On this day in 1861, Jefferson Davis was inaugurated as provisional president of the Confederacy. Thousands of people gathered in Montgomery, Alabama, and watched him utter the historic acceptance speech that many believed, and some hoped, would take us into a full scale war. Notably absent from those observers was his wife, Varina, who was still in Mississippi deciding what to take with them and what to leave behind. Jeff loved being the center of attention; Varina wanted them to live quietly and "tend roses." That would never be.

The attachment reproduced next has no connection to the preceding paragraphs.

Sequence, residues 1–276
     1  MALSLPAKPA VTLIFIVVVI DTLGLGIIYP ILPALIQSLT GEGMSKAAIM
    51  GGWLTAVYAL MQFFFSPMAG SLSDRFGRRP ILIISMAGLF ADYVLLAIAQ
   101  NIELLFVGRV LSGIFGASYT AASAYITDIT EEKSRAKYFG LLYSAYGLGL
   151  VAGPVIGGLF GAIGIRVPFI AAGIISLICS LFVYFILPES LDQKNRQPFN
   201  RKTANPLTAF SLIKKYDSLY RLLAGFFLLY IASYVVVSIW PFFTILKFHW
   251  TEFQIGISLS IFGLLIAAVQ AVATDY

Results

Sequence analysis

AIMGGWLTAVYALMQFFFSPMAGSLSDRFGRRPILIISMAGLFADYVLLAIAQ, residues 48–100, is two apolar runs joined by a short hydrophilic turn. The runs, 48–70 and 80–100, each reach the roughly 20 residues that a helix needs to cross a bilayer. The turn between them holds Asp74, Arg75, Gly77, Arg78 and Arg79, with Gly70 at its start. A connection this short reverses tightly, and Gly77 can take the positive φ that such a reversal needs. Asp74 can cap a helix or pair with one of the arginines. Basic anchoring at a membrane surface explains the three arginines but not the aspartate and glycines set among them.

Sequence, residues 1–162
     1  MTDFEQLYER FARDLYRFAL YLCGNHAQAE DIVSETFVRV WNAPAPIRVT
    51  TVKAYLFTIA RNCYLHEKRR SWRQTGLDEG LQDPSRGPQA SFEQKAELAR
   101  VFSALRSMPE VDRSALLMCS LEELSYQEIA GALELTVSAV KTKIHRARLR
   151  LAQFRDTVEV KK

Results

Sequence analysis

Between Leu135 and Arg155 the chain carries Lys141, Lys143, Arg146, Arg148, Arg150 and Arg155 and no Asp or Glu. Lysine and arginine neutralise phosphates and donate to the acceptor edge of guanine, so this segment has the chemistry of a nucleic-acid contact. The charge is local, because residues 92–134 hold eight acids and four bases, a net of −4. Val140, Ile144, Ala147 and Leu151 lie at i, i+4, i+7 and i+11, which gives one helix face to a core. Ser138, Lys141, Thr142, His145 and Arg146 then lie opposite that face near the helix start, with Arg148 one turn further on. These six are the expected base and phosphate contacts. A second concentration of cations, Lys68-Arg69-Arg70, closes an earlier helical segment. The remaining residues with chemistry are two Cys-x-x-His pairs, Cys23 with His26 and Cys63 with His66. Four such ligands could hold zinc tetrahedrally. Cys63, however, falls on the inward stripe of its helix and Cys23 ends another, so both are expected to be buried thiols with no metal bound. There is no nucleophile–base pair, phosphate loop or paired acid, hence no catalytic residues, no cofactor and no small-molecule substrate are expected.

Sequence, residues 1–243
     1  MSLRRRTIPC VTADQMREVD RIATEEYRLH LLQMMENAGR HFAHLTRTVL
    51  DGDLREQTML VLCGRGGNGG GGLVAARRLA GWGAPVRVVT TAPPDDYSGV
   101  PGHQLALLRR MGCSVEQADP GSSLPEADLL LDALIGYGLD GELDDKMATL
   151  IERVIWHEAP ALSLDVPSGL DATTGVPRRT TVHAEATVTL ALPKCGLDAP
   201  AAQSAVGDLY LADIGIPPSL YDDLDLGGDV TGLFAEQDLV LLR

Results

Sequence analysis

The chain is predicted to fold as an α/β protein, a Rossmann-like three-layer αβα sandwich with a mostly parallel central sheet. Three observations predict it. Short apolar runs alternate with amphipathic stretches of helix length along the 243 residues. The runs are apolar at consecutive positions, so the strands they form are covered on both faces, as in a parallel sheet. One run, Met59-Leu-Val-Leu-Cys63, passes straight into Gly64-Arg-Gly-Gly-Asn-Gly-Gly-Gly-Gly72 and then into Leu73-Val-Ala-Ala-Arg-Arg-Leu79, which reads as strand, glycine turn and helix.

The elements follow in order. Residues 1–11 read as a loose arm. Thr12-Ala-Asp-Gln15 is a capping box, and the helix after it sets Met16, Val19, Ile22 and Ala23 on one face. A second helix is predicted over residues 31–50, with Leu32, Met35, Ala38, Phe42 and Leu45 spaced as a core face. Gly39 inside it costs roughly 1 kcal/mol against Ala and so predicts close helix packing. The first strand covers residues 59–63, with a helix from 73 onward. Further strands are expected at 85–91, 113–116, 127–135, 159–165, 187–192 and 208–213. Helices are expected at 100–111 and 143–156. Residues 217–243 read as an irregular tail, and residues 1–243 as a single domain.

I've been working on and off for years on a book on Mary Lincoln and Varina Davis, and last night, listening to Michael Burlingame inspired me to get back on it. He is a remarkable man and such a generous scholar--a man of many layers, and incredible insight. With the publication of his Lincoln biography, Michael has been much in demand for public appearances in this month of Lincoln. On two occasions, he and President Obama have been on the same slate. If I get in gear and get this book finished, perhaps Hillary and I could be at the head table together. . . or not.